I took the back off, removed the battery, and tried to see if I could take it apart to dry it out. I was thwarted in this effort by some special tri-wing screw head, for which I do not have the appropriate tool. So the pokewalker sits still out in the kitchen, water sloshing around in its display.
And while you can recover the Pokemon that was in the pokewalker, should something happen to it (my daughter was very concerned about this, but it is covered on page 52 of the HeartGold/SoulSilver instruction booklet) we were still down a device.
Nintendo, who obviously could foresee this eventuality, given their guide, allows you to purchase a replacement pokewalker through the Nintendo parts store online. The device plus standard shipping runs to $15.
Since my daughter separated her own laundry and had been reminded to turn things right-side out and to check pockets, the incident was deemed to not be covered by the Daddy Universal Insurance plan. She has to buy a new pokewalker out of her own money.
Of course, before you feel sorry for her, she just lost another baby tooth. Proceeds from the tooth fairy, grandparents, aunts, and the like will more than cover the cost. In fact, I had to break a double sawbuck for her.
Anyway, a new pokewalker should be headed our way soon. In the mean time, check your pockets before you wash your clothes.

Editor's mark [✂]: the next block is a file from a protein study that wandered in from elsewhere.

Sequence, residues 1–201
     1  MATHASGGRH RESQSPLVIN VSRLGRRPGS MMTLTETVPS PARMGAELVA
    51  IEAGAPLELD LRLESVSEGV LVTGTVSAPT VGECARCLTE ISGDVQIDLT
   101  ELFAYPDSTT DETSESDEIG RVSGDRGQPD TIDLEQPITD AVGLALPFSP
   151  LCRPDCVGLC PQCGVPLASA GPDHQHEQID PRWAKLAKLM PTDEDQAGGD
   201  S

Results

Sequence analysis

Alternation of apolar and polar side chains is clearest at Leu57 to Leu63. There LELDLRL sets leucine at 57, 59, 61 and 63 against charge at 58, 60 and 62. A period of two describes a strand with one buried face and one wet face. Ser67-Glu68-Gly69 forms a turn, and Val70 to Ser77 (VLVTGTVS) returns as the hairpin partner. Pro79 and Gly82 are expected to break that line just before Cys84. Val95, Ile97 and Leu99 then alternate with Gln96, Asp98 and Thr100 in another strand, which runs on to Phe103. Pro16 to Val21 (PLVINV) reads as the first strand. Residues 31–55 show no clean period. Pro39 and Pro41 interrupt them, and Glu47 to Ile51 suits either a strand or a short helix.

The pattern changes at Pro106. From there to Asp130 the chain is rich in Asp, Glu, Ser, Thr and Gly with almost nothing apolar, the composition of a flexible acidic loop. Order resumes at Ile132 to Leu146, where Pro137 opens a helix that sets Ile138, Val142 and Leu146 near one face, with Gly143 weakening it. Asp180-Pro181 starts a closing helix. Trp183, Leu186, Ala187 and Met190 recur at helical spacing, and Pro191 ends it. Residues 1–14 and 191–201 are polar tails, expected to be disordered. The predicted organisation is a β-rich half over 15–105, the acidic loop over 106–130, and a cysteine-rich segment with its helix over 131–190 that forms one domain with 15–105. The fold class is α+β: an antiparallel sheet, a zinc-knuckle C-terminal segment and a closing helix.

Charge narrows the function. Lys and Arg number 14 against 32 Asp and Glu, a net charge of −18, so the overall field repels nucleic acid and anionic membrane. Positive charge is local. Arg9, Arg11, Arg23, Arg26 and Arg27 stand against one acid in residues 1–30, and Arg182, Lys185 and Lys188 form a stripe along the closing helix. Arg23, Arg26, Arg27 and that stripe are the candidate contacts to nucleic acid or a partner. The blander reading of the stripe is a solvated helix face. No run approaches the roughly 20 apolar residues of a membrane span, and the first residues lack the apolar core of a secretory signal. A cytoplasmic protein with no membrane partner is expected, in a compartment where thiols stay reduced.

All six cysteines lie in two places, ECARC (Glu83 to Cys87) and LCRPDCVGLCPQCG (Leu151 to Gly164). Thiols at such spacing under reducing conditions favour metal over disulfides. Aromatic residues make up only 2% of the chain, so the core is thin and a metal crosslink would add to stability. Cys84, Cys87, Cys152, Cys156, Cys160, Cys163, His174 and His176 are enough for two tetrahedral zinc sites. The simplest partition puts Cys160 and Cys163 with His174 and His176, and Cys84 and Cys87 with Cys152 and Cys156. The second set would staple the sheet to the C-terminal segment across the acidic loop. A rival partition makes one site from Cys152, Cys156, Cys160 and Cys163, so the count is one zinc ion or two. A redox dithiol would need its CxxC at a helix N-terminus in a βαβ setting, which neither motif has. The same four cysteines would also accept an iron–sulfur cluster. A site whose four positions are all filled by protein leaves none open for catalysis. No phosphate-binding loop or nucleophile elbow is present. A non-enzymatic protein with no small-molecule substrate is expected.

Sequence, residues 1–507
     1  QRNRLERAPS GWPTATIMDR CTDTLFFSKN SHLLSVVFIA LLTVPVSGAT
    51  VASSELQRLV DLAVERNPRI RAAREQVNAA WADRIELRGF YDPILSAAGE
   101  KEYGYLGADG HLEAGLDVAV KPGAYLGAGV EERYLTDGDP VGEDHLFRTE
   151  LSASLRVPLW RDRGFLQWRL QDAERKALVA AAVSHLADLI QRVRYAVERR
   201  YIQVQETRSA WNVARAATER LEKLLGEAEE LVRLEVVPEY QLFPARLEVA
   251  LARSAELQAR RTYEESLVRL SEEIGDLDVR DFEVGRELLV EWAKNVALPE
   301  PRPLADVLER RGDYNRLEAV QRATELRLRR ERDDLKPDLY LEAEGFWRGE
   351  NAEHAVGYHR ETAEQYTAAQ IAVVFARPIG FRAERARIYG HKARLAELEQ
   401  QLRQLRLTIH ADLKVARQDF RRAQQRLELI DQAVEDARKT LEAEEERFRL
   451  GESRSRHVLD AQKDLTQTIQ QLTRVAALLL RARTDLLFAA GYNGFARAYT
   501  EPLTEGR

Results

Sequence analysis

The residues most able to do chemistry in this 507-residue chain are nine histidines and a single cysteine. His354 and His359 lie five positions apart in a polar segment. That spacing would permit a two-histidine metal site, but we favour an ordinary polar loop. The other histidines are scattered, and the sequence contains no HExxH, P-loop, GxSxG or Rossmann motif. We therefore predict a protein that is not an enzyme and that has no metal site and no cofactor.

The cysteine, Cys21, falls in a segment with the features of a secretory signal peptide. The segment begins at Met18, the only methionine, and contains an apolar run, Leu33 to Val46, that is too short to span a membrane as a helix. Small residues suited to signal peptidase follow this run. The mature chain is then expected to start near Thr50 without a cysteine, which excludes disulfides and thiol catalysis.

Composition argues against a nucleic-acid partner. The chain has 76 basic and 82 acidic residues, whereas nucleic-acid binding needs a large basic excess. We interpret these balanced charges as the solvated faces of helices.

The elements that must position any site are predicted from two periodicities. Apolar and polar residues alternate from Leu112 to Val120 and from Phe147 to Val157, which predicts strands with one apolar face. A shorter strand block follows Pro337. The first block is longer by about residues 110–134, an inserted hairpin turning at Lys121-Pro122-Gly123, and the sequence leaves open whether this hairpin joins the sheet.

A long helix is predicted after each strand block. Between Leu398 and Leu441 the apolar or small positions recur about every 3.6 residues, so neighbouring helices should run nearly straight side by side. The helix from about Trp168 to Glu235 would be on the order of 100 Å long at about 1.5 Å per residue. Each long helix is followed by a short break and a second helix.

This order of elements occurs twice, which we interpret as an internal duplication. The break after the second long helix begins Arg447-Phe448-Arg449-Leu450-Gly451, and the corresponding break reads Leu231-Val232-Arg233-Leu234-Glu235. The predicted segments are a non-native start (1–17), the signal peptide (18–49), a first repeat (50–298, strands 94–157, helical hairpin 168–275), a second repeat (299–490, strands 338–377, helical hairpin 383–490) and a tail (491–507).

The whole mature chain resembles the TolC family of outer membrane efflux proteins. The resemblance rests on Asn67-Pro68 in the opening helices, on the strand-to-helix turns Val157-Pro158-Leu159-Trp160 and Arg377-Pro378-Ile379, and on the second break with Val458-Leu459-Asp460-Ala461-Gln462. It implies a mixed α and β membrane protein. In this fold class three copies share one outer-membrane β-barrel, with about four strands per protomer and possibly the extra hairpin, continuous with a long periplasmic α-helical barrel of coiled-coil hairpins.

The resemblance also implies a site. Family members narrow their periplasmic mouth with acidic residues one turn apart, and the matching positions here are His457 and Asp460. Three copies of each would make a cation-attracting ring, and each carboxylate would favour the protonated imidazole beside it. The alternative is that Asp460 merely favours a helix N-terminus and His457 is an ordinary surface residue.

Blizzard Authenticator: New Tool for Bad Guys June 15, 2010Posted by Wilhelm Arcturus in Blizzard, entertainment, World of Warcraft.
Tags: Blizzard Authenticator, Phishing
The Blizzard Authenticator is one method of making your World of Warcraft more secure.
Rather than depending on just user name and password to keep your account secure, the authenticator provides a code, which changes every 30 seconds, to put in as part of the logon process. You just press the button, get your six digit code, enter it, and complete logging on. Even if somebody has a keylogger on your account, the code is only valid for a very short period of time, so breaking into your account is made just that much more difficult.
This is all good news for you, if you opt for the authenticator, either the key fob version or the mobile authenticator that can run on your phone. (It is not just for iPhones any more.)
On the other hand, if you don’t use the Blizzard authenticator, the hackers now have another tool in their arsenal to help them take over your account.
It seems that the hackers have bought into the authenticator scheme and now, when they hack your account they lock you out by putting their authenticator on your account. Now you’re really stuck, since you cannot do anything with your account without the authenticator once it has been enabled.
And judging from the number of requests in the forums, this is happening quite a bit.
So beware of phishing email scams and the like, there are a lot of them going around. I get at least one a day and often more. Blizzard has a their own page on account security that lists out the only legitimate sites where you should enter your password.
As they say, two steps forward, one step back.